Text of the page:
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Eating Disorders Blog

Young Adult Novel Addresses Bulimia Treatment

A new novel call Purge has been published by a Connecticut-based writer name Sarah Durer Littman. The novel, told in the first person in the format of a journal, is the story of Janie Ryan. Janie is a 16-year-old bulimic and the novel relates her experiences while receiving treatment at a fictional residential treatment facility called Golden Slopes. Janie's journal reveals the traumatic events that led to her development of an eating disorder, and how she developed bulimia as a sort of coping mechanism.

Littman comments about her novel's protagonist: "She is very much in denial of the disease and sort of has the attitude that this isn't a disease, it's a diet strategy. It's really about her growing realization and recognition of the fact that yes, she does have a condition that needs treatment and also her awareness of why she's doing what she's doing."

The novel is the product of Littman's real-life struggles with anorexia (as a teen) and bulimia (as an adult). The idea for the novel came to Littman while she was attending a writer's retreat in Vermont. In preparation for the novel, Ms. Littman asked her mother to send her some of her childhood pictures. She comments on looking at a picture of herself at age 15: "I looked at it, and I was like 'Wow, I actually had a pretty good figure,' but what made me really sad about the picture is that I remember how I felt at the time, which was fat and ugly."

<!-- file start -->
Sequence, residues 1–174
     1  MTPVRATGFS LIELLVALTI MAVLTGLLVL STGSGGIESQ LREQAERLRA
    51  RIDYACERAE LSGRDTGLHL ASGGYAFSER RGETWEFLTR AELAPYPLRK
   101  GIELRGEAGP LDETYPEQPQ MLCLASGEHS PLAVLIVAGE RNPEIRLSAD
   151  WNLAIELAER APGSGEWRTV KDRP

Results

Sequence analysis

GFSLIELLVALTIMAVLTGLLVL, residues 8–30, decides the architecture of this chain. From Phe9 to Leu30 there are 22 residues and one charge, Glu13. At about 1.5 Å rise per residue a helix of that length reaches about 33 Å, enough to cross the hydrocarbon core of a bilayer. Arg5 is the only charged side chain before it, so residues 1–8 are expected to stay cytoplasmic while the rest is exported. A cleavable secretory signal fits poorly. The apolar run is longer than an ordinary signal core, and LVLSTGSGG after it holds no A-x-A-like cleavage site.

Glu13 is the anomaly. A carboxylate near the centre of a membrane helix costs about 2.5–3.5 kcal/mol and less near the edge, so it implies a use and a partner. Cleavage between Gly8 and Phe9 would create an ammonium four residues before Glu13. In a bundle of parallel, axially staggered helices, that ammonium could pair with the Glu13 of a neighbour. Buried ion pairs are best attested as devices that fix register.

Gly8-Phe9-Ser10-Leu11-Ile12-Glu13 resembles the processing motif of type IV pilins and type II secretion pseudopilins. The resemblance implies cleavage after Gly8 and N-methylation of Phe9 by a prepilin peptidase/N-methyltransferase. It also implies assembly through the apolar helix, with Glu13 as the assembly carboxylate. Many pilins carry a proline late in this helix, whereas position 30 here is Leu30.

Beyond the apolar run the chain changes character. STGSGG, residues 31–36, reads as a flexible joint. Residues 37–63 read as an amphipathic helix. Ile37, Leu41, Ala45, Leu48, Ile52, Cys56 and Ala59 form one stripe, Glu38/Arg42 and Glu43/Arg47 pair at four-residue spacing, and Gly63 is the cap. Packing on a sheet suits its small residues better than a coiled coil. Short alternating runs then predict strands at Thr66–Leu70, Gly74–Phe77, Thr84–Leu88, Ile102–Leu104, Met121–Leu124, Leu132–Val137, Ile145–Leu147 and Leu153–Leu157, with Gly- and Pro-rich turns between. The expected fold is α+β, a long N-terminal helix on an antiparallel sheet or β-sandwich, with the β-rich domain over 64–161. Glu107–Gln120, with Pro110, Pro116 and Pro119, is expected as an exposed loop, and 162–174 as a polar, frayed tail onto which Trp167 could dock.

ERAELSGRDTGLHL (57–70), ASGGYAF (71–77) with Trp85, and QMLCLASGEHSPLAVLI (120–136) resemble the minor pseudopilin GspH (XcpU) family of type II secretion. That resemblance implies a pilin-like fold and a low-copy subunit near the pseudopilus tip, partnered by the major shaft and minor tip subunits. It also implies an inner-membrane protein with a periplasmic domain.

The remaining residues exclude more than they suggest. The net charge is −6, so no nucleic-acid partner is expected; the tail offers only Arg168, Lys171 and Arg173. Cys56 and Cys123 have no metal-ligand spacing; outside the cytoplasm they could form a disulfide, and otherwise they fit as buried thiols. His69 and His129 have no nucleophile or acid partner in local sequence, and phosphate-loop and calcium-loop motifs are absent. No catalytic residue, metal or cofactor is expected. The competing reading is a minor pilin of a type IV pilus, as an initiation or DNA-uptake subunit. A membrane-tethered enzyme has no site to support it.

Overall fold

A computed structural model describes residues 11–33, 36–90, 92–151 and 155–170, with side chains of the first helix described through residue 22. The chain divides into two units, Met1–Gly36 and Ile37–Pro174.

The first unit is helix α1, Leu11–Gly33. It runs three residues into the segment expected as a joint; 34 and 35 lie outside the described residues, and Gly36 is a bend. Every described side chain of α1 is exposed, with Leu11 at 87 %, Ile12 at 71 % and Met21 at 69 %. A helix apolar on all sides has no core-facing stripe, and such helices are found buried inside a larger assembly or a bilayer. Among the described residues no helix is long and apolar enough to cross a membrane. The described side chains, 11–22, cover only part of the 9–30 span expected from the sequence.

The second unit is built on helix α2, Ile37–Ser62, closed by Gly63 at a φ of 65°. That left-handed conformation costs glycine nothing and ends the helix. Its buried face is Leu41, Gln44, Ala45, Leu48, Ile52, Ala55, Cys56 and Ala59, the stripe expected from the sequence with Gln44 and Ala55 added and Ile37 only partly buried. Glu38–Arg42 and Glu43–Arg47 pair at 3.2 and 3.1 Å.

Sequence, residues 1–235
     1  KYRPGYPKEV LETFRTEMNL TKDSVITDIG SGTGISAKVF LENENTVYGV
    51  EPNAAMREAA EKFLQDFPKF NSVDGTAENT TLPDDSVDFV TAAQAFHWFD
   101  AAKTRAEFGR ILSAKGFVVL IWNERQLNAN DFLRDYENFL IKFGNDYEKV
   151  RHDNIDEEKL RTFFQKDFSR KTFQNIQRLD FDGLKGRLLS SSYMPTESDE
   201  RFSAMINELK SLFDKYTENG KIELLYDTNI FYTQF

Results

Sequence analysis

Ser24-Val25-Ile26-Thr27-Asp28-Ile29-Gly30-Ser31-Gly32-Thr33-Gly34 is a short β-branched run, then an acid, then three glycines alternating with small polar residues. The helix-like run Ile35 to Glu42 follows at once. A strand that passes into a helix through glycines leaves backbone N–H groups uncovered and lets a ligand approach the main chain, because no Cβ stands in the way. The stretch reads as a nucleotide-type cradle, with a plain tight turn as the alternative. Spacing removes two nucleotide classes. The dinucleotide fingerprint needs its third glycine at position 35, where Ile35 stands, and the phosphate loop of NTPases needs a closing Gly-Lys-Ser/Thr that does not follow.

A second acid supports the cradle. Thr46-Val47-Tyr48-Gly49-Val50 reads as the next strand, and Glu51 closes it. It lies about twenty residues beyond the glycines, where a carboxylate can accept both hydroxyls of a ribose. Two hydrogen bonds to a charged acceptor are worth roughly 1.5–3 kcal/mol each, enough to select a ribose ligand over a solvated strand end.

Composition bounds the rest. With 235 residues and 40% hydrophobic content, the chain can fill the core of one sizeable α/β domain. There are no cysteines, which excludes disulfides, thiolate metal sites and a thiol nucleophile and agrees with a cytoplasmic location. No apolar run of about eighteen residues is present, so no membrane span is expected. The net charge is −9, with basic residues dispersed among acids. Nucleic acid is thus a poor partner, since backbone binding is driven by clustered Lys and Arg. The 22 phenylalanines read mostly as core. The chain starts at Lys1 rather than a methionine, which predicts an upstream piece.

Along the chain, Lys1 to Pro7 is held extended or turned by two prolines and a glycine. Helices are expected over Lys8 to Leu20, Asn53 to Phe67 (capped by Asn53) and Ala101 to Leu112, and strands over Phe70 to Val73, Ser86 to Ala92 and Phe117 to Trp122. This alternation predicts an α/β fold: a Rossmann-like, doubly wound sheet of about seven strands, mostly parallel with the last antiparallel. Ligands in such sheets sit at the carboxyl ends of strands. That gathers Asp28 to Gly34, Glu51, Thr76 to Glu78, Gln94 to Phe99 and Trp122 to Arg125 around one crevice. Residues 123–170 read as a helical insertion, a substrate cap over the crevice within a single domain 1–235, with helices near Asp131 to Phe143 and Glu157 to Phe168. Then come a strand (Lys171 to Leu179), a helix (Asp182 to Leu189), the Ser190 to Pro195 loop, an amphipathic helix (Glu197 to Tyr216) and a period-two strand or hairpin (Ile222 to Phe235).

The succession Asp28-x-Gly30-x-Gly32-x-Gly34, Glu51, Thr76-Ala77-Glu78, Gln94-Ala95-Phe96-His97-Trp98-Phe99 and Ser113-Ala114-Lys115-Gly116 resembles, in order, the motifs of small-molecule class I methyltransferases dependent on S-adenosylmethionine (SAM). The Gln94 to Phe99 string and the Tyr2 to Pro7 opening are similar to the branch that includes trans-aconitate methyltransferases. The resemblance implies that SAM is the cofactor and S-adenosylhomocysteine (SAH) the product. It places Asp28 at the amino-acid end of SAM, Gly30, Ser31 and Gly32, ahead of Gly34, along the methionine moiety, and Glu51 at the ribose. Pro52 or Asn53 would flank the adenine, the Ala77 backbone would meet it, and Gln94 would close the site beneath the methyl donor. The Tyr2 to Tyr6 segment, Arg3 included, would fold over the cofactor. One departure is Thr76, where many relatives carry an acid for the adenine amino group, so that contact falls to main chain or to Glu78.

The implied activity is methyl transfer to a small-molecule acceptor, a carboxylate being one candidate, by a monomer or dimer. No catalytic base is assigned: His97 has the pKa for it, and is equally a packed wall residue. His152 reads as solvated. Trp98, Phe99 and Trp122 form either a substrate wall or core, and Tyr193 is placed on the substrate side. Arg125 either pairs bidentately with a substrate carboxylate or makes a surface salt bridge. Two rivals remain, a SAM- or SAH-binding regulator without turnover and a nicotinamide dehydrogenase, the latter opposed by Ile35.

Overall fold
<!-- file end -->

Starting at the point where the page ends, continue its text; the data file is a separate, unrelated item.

Ms. Littman speaks about her motivation for the novel: "I want people to feel hopeful. I wanted to show them that they can overcome eating disorders, if they go through the proper therapy and build a support system. ... Hopefully the book will help to raise awareness and to generate a discussion about body image and eating disorders and the pressures on both young women and men."